Another stage is finding what we have in common. What is holding us together? Often it is the commitment to a particular mission, vision, goal. In the process of recovering our “glue” or commonalities, we may begin to trust the others—at least a bit more.

Perhaps we can begin such a process as a city, state, nation or international community. If I reach the point of being interested in what you think, and how you reached your conclusion, then I can stop seeing you as someone to be kept off my turf.

 

Which brings us to the other point for today’s blog. We need to have faith not only in the other but first of all in ourselves. Part of the reason we have so many tribes is lack of trust in our ability to reason out an answer—so we join with others—the group thinks for us.

Even in a group where I agree with the mission, vision, strategies, and general directions being proposed, I am still responsible for raising questions and looking at the broader picture. In other words, joining a tribe does not mean I lose my need to think critically about the issue.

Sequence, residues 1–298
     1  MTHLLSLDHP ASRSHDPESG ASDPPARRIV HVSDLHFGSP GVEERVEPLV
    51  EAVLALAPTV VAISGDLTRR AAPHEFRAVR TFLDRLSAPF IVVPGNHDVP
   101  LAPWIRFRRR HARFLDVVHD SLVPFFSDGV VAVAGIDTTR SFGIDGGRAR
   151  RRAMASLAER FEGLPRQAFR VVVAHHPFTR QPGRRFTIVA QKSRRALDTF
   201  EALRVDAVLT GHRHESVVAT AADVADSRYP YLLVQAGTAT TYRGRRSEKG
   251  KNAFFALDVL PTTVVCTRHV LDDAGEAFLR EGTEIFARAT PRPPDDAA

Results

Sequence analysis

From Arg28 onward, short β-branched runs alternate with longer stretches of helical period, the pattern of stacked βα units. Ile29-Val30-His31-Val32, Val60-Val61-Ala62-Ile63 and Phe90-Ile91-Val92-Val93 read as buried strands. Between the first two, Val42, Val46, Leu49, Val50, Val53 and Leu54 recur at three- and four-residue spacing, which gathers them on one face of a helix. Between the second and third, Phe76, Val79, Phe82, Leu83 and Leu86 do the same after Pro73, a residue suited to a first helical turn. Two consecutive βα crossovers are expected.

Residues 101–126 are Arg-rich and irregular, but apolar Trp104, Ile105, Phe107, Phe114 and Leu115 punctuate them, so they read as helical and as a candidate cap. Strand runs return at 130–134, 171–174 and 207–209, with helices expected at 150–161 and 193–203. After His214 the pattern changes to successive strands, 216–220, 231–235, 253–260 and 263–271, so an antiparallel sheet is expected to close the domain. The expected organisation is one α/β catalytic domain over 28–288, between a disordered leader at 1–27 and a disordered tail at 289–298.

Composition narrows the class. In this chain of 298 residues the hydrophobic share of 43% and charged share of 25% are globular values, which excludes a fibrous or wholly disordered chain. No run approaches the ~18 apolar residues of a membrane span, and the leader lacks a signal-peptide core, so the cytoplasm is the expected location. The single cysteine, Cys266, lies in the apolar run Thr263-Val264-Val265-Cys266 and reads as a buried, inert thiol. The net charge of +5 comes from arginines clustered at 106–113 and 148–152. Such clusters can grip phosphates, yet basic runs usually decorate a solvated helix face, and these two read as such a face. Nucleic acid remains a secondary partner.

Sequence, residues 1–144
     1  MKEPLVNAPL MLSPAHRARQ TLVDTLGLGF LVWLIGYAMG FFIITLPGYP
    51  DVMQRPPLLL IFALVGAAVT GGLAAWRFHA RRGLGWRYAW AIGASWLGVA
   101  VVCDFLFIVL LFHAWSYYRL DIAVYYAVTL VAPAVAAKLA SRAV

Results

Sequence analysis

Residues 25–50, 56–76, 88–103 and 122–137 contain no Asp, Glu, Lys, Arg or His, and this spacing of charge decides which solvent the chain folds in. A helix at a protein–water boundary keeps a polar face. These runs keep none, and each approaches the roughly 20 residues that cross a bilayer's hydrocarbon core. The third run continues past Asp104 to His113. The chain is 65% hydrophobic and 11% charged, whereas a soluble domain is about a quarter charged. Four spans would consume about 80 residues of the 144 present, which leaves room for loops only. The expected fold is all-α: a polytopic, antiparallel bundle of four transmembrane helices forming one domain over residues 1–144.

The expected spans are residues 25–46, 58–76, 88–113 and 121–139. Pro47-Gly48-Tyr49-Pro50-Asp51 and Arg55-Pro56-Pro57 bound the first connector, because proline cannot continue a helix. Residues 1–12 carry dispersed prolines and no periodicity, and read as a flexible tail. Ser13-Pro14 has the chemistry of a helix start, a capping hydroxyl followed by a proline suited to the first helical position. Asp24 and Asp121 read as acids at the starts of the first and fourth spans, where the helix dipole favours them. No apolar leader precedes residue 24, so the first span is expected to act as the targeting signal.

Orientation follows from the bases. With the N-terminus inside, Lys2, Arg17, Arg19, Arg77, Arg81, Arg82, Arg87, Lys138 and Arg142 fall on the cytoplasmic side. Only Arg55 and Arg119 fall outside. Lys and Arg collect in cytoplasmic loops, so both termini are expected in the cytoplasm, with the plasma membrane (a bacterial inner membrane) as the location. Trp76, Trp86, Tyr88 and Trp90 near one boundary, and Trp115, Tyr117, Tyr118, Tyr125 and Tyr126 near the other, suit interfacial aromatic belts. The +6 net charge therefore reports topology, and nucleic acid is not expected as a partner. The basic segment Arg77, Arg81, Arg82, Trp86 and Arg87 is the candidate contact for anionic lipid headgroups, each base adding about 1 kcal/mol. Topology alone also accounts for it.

We need to have faith in ourselves: our skills, abilities, curiosity, and wisdom. We need to know our ideas, opinions, values, lives and dignity count. We need to remember that our experiences are different from others, and not sharing our perspective is often a disservice to the overall goal.

We also need to have faith in others: family, friends, teachers, leaders, and those who challenger our lethargy. We believe that our particular “perspective group” has integrity, and is working for the best outcome for all—not just the few. And when we are honest, we must believe the “opposition group” to have integrity and desire what they believe is the best outcome of all.

Then we can begin to rely on a process to bring us closer together. To be discussed next time.